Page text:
How decentralization can help solve social issues in an unexpected way
There’s something we got so used to that we stopped noticing it, yet it plays a crucial role in our lives. It controls the things we say, the way we say it, our actions and their consequences.
I’m talking about spaces. Places that are meant to set the context and the rules of all the interactions that happen within them. Canvas intentionally left blank.
This may sound complex, but the rules and traditions are hardwired in the very core of our society, so the examples are simple and easy to understand. You will behave in a different way depending on your current location: on a busy street, at your friend’s house, at a business meeting, or at a family dinner. This might seem obvious, but let’s take this further: you act in one way within the space of official document (an application form for a loan, for example) and in another while writing a letter to a friend. All these cases show an artificially created context that sets the basic rules of behaviour.
The phenomena is much deeper than it seems when you make a brief research on social practices:
- CoffeeShops played a crucial role in the late 17-th century economy as they have provided the space for people of different origins, religions, and occupations to meet, exchange ideas, seal trade deals, discuss the news and rumours. These exchanges shaped the way our society looks today.
- A more recent case (and a peculiar one) are MacDonald restaurants. A study showed they might play an important role in some communities, serving as a place similar to medieval coffee shop — people meet, exchange ideas, and build social experiences there.
Spaces can be designed. We can build places intended to inspire, like museums or churches. Places to boost production and manufacture, like the new Tesla plant. Places we don’t notice but interact with each day, like that park you’ve crossed on your way to work.
It is clear, that any digital space has the same qualities too. Digital spaces design can inspire great stories and nudge you towards creating quality content (think blogging platforms like Medium), or make it easy for you to share your personal things and thoughts, or create new forms of creativity by introducing some artificial limitations (like 140 characters).
But as the examples above show spaces can have new roles and functions beyond the initial design. Roles that could not be pre-calculated. Some would even argue that it’s one of the qualities of a great digital product. Twitter wasn’t intended to become what it is now. Just as Facebook.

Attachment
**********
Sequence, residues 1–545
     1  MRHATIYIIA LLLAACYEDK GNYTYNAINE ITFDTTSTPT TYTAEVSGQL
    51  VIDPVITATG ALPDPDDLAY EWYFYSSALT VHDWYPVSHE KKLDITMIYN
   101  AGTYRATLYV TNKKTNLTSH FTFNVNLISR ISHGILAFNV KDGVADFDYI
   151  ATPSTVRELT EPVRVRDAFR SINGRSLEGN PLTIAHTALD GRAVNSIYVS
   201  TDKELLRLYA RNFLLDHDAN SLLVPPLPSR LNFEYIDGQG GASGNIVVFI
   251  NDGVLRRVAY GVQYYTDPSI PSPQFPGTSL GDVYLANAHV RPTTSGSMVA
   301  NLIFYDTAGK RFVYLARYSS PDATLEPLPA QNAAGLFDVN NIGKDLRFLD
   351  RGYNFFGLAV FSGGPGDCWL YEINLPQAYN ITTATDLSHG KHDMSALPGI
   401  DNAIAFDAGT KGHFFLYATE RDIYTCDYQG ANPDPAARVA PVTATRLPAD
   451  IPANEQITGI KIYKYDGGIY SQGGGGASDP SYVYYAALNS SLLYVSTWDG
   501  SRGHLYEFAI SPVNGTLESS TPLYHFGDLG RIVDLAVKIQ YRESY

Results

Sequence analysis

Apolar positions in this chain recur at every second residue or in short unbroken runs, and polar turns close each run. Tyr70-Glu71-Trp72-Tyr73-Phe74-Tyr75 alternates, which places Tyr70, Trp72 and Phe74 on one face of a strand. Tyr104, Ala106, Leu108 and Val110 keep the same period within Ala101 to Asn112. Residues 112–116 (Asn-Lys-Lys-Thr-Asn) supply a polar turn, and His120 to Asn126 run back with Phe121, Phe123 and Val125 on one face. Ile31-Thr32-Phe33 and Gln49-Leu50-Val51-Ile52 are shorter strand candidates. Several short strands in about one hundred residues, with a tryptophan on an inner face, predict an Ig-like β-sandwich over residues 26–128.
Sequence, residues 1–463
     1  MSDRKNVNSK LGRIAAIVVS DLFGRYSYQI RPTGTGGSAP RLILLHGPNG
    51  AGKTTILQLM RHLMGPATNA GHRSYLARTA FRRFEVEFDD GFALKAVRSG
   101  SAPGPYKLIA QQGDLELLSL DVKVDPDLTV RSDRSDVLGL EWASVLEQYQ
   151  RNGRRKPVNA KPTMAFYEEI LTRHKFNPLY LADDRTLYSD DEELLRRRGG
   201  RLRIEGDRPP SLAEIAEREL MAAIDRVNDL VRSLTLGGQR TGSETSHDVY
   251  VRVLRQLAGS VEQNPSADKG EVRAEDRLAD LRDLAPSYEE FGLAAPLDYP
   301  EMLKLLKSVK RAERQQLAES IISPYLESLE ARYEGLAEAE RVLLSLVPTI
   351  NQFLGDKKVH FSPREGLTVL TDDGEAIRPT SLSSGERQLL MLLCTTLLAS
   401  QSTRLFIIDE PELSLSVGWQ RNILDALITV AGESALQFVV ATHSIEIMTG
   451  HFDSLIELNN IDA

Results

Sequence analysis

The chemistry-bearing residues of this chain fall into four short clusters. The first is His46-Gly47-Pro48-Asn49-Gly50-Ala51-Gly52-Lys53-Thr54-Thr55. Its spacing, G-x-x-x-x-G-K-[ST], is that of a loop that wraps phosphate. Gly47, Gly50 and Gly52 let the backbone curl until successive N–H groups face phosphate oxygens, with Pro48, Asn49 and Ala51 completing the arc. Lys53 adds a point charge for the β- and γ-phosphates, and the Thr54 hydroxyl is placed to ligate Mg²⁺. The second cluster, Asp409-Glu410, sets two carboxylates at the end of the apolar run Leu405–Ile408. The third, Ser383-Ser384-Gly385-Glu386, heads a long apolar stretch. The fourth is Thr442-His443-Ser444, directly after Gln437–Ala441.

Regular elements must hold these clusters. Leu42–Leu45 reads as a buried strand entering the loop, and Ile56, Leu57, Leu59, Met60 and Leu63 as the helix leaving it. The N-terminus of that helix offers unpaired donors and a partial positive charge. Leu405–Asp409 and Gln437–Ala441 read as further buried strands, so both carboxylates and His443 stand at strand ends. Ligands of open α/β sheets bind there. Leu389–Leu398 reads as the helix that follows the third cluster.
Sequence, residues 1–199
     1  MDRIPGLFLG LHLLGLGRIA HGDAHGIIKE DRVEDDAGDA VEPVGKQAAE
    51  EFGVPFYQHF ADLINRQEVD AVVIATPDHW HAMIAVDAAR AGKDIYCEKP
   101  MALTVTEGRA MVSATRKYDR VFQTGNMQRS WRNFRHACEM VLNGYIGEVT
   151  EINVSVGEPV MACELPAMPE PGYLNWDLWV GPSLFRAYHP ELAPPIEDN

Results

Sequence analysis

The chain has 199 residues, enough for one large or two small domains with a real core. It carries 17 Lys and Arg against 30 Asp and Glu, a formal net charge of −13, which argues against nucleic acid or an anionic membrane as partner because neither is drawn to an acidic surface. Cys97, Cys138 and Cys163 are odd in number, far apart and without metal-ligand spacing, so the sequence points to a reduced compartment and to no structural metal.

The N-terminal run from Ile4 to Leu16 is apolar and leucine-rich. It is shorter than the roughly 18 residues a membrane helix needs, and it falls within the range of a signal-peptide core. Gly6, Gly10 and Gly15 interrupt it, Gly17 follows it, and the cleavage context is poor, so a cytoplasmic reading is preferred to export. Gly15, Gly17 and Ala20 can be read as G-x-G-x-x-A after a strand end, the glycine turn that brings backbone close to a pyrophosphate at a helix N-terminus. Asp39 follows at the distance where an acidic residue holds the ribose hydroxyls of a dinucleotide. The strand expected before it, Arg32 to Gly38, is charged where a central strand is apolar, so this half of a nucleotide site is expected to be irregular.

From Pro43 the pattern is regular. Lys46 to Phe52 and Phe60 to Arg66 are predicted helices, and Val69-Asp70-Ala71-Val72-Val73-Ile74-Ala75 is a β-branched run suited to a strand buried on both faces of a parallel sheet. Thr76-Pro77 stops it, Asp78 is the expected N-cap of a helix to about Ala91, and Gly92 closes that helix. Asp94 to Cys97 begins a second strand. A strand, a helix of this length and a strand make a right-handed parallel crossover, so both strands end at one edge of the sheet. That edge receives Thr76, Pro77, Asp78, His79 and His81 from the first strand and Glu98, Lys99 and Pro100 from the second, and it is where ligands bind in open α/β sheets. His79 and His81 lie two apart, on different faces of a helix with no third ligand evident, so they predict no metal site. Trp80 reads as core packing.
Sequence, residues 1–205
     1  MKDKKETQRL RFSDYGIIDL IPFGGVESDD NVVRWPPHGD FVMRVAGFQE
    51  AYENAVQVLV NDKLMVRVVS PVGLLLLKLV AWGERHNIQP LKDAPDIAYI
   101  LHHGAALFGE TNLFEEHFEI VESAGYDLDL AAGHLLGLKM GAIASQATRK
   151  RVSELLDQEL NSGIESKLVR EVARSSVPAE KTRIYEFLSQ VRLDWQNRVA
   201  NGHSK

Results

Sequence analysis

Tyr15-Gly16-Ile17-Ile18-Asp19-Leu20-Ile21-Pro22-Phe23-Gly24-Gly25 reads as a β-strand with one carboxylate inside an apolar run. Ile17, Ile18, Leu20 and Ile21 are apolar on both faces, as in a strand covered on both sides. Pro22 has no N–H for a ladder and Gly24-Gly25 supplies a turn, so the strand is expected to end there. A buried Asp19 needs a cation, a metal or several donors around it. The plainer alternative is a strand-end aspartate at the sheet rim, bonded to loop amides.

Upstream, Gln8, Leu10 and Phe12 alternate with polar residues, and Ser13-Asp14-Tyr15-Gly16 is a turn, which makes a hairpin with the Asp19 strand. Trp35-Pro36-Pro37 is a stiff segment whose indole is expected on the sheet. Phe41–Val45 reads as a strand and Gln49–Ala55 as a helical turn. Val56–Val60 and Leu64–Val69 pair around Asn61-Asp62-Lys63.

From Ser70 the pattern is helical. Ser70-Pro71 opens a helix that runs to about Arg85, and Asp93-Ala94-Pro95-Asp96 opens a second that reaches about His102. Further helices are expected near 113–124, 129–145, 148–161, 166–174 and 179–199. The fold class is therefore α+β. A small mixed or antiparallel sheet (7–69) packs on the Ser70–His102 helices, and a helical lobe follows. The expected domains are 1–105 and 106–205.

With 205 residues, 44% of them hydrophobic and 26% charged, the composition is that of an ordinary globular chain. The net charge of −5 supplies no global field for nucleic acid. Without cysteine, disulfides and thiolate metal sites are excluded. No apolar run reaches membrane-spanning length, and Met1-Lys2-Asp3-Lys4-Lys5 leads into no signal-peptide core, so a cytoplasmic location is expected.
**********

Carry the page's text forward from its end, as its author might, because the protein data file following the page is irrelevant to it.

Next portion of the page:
This means that sometimes a digital platform might have social responsibilities it was unconscious about and couldn’t even predict. This might explain the Facebook’s founder confusion when it comes to things like Cambridge Analytica scandal. Mark is a tech guy, not a sociology expert, it’s hard for him to grasp that there might be something in his product, beyond the technological solution he is building.
Therefore the common problem with centralized platforms built for any social interactions is that they are not ready to cope with what they might become. However great is the technology behind the platform, or however good their intentions are, the issue is too big for any single company to handle.
People coming to the platform are confined and limited to the space inside it. And as we see these things can change the form of our societies.
The solution? Instead of making more platforms, take a different approach. Decentralize. A decentralized space where everyone has equal rights and the choice what to do. A network controlled by people instead of a platform within the hands of a single company.
The thing with the decentralized network is that it gives people choice: if you don’t like the one you’re using right now — create your own without the effort. In cryptocurrency world, this is called “fork”.
The architecture behind decentralized networks enables a deeper way for the people to control their digital environment, instead of submitting to the rules and regulations of a single platform.
The creation of decentralized spaces could help solve the issues current platforms like Facebook or YouTube are struggling.
Let’s take another view this time from the economy perspective. Platforms are private or public companies. They are business enterprises meant to make money not only to sustain themselves, but to make their investors, founders, and shareholders rich. And that’s how they get caught in a conflict of interests too complex to have a one time solution.
They design their algorithms to meet their own internal goals, while this leads to unexpected consequences.
The platforms are torn between their business KPIs, the interests of their clients, users, communities. Add the social responsibilities they have been unaware of and you’ll get the latest headlines.
By providing a tool for the people to decide, we could return this process to its natural state, undistorted by a financial, reputational or any other kind of interest of one company.
And the beauty of this is not that we shift the balance by introducing another kind of authority, but we build another infrastructure entirely. The one that gives the voice of equal power to each member while none could have total control over it.
This might be by far the most important role of decentralization and the reason why it should not be considered only as a stack of technologies behind the cryptocurrencies.